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Guest Article: Mastering your CCM Automation

July 31, 2017

By Matt Mahoney, Vice President of Sales at Racami

If you want your operation to survive the next five-plus years, then you need to pursue comprehensive operational automation. I’m talking about both the digital and physical work that you do to produce and deliver customer communications. As a service provider, your operation is striving to outpace competitors. As an in-plant, you’re finding ways to offer more value while simultaneously cutting costs. You have seen the decline of competitors and the outsourcing of jobs. You are facing the transition from supporting the reliability of one or two channels to competently handling the fluidity of omni-channel marketing. With all of this, you’re wondering how you can solidify your successful future in the marketplace.

The complexity of communications is growing, government regulations persist and technology is advancing, forcing you to address these issues to maintain viability. Automating the digital and physical work is now a necessary part of justifying the communication and achieving customer satisfaction. Print and mail used to be easier—now it’s a high-risk game of customer preferences where only the most capable operations are thriving.

If you’re a believer in this philosophy, then you’ve implemented automation to tie together the clusters of independent systems to process data, create communications, manage inventory, schedule and track production across facilities, push messages through multiple delivery channels, and create reports without human involvement. Whether you call it an ADF, ERP, MIS, a workflow engine, a process manager, a dashboard, or a CCM system, you’re employing better ways of doing things.

As vital as these advances are, automation can cause issues or fail you with little warning, causing an automation upset.  Whether this is due to computer glitches, bad data, natural disasters, hackers, or a construction crew severing a data cable, it can wreak havoc on your ability to deliver. When this happens, you and your team must act.

That’s when you realize that these three things are very important to mastering your automated workflow

  1. You must monitor the workflow to identify problems when they occur
  2. You must provide people the ability to perform the work in the absence of the automated system
  3. You must have the proper redundancy (a.k.a. a backup system)

Your most common issue that requires staff involvement is identification of component failures. For example, someone running a printer or inserter finds a problem with the printed pages. That failure happened in the digital workflow, but was not caught until later in the process. Your team works on pinpointing the issue and that often involves rerunning the job and watching it go through each step. This can take longer than the production schedule allows and you miss the deadline. You need a better way and that’s where a workflow monitor adds value.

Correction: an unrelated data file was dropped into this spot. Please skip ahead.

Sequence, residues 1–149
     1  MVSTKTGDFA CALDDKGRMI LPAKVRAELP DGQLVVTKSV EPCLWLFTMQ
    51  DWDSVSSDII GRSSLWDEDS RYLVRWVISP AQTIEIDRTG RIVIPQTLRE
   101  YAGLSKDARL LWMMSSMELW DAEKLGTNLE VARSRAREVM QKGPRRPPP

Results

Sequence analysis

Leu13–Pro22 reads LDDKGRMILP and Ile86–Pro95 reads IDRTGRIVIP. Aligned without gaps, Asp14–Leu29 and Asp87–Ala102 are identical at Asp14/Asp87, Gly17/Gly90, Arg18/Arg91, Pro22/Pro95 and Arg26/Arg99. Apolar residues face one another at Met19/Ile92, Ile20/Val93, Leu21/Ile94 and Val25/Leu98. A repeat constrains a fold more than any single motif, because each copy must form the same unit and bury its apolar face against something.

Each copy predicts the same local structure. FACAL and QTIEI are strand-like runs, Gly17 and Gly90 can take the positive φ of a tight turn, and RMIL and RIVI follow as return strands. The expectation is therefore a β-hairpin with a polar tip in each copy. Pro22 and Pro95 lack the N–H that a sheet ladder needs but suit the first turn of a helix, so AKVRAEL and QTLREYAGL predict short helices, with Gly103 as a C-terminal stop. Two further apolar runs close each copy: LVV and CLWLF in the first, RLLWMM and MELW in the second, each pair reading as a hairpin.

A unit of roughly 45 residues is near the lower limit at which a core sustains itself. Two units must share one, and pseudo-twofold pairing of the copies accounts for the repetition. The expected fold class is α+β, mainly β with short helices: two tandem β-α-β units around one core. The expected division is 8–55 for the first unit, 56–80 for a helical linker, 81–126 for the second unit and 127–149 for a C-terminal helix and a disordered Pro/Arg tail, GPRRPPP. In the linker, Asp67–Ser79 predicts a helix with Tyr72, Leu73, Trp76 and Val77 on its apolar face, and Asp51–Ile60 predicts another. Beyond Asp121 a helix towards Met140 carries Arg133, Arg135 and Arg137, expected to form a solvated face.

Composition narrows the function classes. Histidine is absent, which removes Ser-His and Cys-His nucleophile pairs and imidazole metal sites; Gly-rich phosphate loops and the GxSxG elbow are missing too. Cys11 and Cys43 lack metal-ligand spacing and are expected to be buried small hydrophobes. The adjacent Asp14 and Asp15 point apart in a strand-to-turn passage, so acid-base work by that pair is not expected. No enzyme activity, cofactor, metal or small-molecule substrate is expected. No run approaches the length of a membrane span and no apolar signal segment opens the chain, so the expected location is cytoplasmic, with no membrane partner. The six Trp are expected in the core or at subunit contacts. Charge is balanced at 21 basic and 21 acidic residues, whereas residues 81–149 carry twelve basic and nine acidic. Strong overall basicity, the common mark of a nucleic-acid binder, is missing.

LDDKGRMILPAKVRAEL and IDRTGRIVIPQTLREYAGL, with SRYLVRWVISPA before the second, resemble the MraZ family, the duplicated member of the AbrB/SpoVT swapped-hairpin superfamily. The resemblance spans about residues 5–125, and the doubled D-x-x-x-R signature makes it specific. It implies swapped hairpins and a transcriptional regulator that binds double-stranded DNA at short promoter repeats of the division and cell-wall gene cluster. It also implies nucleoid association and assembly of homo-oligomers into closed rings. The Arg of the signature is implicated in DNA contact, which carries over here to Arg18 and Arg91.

It’s one thing to automate the workflow, it’s another to monitor it. You want a system that watches over the automation and measures the health of the process. A good workflow monitor audits each step, making sure things are happening in the proper sequence, on schedule, and that each task is performed properly. Your staff uses a GUI or dashboard to perform triage and, when necessary, overrides the automation system when the workflow monitor reports abnormalities. Your IT professionals and others troubleshoot the problems while production progresses manually.

The workflow engine with workflow monitor are supplemented by the command-and-control dashboard. Both your staff, and customers do their jobs better when they have access to information about customer communications. They want to know more than “…was the job printed and mailed?” They want to know the content, timing, and delivery channel for the communications. They want to know where a communication is in its lifecycle. They want to manage production bottlenecks. They want to adjust consumer preferences. They want to know all sorts of things and affect the process at any stage where they are allowed to do so. The command-and-control dashboard serves this purpose.

Ultimately, the answer to mastering your automation is to blend computer based automation with human interaction. Most roles in an organization can be automated to some degree, but not entirely. It is the combination of a good workflow engine, workflow monitor, and command-and-control dashboard that keeps you in the race and ensures your future success.

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